First, nowhere in the WS do the bishops uphold the objective teachings of HV. The talk of conflict of duties is a smokescreen for what should more accurately be described as difficult duties. There are no principles of moral theology which would permit one to licitly counsel the performance of an intrinsically evil act. Pope John Paul II puts it this way:
“Contraception is to be judged objectively so profoundly unlawful, as never to be, for any reason, justified. To think or say the contrary is equal to maintaining that in human life, situations may arise in which it is lawful not to recognize God as God” (L’Osservatore Romano, October 10, 1983).
Vatican II gives us true and clear teaching on conscience. The Vatican II document Gaudium et spes tells us that:
“Married couples should realize that in their behaviour they may not follow their own fancy but must be ruled by conscience–and conscience ought to be conformed to the law of God in the light of the teaching authority of the Church which is the authentic interpreter of divine law” (#50).
Put simply, conscience is to be informed and conformed; otherwise it is deformed. Cardinal Newman’s remarks on conscience are valid today. He wrote: “Conscience is a stern monitor but in this century it has been replaced by a counterfeit: self-will” (Letter to the Duke of Norfolk).
Guilt and the intrinsically evil act
4. In this paragraph Father Prieur cites a reply from the Congregation of the Clergy to a group of dissident priests in Washington, D.C. It correctly affirms that circumstances can make an intrinsically evil act diminished in guilt or even without guilt. He says that the WS is a pastoral way of saying this.
This is not a correct pastoral application of the principles governing subjective guilt. The subjective conscience may be an erroneous conscience, warped or deformed or corrupted by habit. Out of it may come fornication, adultery, contraception, sodomy, abortion, euthanasia, and other evils. May these then be sometimes counselled? Right pastoral response must be based on truth, not error. It is the objective order which the Church upholds and must uphold, whether in teaching, preaching, or in the confessional.
Anne Roche Muggeridge correctly assessed the WS when she wrote: “The Canadian Bishops, like the Protestant reformers, reversed the order of importance in moral judgment, that is, they put the private subjective elements of morality before the universal and objective” (Anne Roche Muggeridge, The Desolate City: The Catholic Church in Ruins; Toronto: McClelland & Stewart, 1986; pp. 97-98).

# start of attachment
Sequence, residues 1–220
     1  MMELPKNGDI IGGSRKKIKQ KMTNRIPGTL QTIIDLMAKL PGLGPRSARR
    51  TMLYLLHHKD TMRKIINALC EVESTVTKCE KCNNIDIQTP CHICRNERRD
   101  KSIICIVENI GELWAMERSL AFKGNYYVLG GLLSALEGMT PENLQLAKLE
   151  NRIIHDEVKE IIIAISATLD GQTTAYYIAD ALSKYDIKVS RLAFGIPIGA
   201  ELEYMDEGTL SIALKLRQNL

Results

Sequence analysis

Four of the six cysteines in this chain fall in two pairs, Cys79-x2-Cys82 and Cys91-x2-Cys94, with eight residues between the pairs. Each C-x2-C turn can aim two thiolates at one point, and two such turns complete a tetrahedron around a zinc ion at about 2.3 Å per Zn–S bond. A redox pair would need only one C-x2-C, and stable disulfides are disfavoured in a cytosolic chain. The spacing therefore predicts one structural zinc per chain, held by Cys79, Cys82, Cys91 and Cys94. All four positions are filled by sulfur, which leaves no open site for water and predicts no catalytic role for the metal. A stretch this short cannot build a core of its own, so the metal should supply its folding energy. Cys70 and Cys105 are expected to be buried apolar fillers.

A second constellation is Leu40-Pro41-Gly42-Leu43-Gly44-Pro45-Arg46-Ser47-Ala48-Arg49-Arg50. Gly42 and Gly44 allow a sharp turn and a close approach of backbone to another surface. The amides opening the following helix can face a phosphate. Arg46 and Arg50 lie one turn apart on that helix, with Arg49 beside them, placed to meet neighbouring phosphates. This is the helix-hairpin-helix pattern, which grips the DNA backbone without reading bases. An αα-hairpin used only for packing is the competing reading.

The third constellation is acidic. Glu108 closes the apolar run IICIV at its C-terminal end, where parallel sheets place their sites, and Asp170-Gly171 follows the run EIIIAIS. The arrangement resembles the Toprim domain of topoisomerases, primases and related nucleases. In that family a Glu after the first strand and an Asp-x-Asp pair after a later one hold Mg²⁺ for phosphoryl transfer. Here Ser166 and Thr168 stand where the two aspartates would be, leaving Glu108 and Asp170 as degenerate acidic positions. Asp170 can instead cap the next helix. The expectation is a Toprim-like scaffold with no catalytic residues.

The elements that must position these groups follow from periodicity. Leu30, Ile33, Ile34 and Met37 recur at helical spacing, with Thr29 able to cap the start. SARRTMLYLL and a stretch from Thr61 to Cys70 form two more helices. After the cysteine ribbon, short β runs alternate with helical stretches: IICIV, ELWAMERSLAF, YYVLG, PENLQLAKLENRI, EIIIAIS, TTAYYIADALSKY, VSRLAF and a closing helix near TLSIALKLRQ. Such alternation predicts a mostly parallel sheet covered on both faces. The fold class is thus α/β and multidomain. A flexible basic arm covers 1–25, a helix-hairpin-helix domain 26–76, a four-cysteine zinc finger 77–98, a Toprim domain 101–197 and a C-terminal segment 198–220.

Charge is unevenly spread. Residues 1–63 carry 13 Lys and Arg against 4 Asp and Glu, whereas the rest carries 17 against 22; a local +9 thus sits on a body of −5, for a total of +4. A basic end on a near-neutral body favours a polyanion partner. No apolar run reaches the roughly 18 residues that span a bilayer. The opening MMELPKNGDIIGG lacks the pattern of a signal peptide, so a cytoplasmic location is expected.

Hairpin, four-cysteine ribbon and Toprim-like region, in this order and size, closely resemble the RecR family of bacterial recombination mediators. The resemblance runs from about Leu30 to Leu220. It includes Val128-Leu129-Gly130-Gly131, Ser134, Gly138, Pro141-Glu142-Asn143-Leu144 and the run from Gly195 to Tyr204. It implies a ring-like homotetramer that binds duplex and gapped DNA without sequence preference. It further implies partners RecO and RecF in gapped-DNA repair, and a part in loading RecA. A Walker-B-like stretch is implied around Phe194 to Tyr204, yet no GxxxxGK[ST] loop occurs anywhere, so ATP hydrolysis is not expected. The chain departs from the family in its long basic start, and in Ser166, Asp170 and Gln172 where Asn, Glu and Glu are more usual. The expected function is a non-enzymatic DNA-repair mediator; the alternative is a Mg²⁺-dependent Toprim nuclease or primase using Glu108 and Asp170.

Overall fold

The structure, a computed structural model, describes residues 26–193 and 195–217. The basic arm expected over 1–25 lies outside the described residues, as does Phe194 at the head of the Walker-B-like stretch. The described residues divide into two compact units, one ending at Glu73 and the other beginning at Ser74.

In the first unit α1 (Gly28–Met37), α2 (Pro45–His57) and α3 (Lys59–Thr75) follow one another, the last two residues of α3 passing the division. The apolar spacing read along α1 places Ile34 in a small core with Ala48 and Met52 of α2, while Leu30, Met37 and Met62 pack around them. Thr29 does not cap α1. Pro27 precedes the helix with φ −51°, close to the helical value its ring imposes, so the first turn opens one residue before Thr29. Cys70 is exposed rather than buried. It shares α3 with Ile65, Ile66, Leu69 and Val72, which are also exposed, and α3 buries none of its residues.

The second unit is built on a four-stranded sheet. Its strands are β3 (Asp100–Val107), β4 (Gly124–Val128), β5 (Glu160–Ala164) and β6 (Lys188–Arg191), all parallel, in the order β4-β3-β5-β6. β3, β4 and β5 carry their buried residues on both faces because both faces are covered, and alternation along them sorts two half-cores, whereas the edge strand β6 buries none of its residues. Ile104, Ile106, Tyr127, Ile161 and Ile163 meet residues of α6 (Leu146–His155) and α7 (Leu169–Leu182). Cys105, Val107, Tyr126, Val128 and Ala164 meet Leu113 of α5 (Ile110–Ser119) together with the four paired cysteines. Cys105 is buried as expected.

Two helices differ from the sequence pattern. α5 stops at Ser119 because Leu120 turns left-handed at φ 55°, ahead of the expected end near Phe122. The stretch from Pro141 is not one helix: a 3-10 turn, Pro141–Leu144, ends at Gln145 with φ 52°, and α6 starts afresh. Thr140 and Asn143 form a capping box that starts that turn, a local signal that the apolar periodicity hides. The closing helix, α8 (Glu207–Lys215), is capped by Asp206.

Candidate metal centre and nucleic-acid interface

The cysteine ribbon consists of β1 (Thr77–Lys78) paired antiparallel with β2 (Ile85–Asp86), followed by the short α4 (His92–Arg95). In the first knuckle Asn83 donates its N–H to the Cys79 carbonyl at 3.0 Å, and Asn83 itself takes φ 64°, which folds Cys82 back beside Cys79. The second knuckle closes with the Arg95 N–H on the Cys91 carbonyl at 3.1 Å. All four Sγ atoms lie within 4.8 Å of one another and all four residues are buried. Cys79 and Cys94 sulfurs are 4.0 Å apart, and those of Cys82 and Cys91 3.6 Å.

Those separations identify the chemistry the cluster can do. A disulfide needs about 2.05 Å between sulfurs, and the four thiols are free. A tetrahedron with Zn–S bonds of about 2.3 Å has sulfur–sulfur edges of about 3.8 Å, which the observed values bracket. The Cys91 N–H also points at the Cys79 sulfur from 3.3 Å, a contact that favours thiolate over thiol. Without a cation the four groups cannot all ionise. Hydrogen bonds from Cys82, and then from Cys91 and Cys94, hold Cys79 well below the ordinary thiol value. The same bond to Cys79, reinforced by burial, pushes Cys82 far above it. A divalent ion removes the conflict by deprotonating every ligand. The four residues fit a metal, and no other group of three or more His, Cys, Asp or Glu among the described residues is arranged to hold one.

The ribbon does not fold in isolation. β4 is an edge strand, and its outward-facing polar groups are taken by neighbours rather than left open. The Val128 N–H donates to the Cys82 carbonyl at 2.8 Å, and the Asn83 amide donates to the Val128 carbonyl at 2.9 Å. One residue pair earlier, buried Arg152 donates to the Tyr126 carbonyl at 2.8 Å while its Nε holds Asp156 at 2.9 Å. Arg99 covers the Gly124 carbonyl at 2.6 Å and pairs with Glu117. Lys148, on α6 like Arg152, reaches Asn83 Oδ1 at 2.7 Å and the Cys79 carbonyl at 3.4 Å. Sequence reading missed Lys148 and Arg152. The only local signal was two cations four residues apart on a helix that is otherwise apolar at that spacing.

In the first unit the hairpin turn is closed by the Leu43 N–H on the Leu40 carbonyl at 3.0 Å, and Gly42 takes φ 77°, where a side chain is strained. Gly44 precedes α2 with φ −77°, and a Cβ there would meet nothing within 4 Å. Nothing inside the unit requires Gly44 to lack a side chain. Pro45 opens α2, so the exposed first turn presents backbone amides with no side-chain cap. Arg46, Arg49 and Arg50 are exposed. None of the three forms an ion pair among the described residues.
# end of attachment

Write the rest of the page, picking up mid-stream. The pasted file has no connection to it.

The WS and Father Prieur reject the defined doctrine expressed in HV that grace is always sufficient. Bishop Emmett Carter put it this way:
“Our statement was definitely meant to indicate to the people of Canada that if they found, as we anticipated, and God knows history has proven us to be correct, that they couldn’t follow the directives of the encyclical, then they were not to consider themselves as cut off from the church.”
Pope John Paul II expresses his rejection of this heresy in these words:
“To hold out for exceptions in the matter of the prohibition of contraceptives as if God’s grace were not sufficient is a form of atheism” (September 17, 1983).
The end result of the Winnipeg tragedy is that it created erroneous consciences. Before he left Winnipeg, Archbishop Pocock wrote to me saying that the Canadian Bishops had spoken with a nearly unanimous voice and that he expected me to accept that statement and to absolve those contracepting in good faith. Is this not counselling an erroneous conscience?
Not long ago a man told me that, before he married, his pastor told him that if he had difficulties in having a family he could invoke the Canadian Bishops and his wife could use the Pill. She had some unpleasant side effects from the Pill and so he was sterilized. The marriage broke up not long after. He stopped going to Mass, but recently, at his mother’s funeral Mass, he went to Holy Communion. He said: “My conscience is clear.” The WS created erroneous consciences in countless priests and people.
“Conflict of duties”
5. Here we are given a list of difficulties which married couples faced in 1968. Father Prieur, concludes that “the category of ‘conflict of duties’ was most apt for this situation.”